Seemingly gone are the days when wealthy, or simply stealthy, individuals were able to open and effectively hide assets in Swiss and other foreign bank accounts. This is due mostly in part to the Foreign Account Tax Compliance Act, better known as FATCA, which became law in March of 2010.
The basic premise of FATCA is to ensure that U.S. residents with foreign assets totaling in excess of $50,000 report and pay taxes on these assets. In addition to requiring that individuals with a qualifying amount of foreign assets abide by FACTA's reporting terms, third-party foreign financial institutions are also required to provide information to the Internal Revenue Service including an account holder's identity and the total value of assets being maintained abroad on his or her behalf.
Recently, the IRS boasted that, thanks to FATCA, the agency has netted $8 billion in revenue from foreign account and asset holders. A sizable portion of these billions is likely attributable to some 54,000 taxpayers who have come out of the shadows and taken action to get right with the IRS and disclose the existence and true value of their foreign accounts and assets.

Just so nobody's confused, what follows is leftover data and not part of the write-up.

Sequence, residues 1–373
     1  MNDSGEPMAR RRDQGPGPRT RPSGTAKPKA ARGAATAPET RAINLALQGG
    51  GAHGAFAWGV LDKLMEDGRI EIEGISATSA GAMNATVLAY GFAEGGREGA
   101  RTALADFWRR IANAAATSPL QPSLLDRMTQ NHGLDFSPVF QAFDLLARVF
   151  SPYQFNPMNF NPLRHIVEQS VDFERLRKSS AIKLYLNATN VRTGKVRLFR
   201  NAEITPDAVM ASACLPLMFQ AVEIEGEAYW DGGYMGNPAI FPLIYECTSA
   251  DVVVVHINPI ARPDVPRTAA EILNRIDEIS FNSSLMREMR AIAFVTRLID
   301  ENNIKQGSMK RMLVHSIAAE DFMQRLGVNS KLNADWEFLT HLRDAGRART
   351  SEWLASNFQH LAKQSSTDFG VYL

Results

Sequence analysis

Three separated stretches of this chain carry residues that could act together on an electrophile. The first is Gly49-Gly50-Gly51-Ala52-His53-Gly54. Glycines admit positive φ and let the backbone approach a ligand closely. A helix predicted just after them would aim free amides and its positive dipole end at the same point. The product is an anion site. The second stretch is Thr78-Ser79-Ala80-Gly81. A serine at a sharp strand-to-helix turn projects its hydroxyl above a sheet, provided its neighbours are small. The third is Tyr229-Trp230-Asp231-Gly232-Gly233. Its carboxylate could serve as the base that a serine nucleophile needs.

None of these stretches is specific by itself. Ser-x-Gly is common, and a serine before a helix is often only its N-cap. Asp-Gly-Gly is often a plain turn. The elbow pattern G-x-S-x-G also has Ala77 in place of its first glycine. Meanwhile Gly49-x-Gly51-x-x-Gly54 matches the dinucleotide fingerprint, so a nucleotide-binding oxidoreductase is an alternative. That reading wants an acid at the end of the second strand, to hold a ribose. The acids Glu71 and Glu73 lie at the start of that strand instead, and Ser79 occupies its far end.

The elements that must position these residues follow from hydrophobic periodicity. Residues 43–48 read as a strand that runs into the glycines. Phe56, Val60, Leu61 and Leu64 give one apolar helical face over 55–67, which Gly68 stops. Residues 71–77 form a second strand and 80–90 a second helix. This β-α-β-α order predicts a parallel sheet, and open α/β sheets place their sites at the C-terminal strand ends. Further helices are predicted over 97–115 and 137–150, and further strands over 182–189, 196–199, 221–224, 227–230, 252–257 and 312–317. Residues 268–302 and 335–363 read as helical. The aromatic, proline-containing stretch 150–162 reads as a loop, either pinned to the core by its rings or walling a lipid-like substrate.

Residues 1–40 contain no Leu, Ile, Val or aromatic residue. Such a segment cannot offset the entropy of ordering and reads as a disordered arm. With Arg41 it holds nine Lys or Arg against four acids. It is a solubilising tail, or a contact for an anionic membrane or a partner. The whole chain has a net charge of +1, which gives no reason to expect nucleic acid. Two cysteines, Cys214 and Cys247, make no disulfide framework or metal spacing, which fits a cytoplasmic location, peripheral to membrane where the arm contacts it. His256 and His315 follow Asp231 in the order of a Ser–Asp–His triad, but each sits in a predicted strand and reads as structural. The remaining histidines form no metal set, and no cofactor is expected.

For those individuals who fail to comply with FATCA and the IRS' existing programs for both willful and non-willful violators, it's likely only a matter of time before the IRS discovers such assets. In fact, already, the IRS announced that civil audits of offshore financial institutions have netted the agency "tens of millions of dollars."
Individuals who have yet to notify the IRS of their foreign accounts and assets are encouraged to discuss their situation with an attorney who handles tax matters. Failure to comply with FATCA can result in one incurring hefty penalties and possibly facing criminal charges related to tax evasion.
Source: Forbes, "IRS Offshore Programs Produce Billions - Come In And Participate Or Else ...," Josh Ungerman, Nov. 1, 2015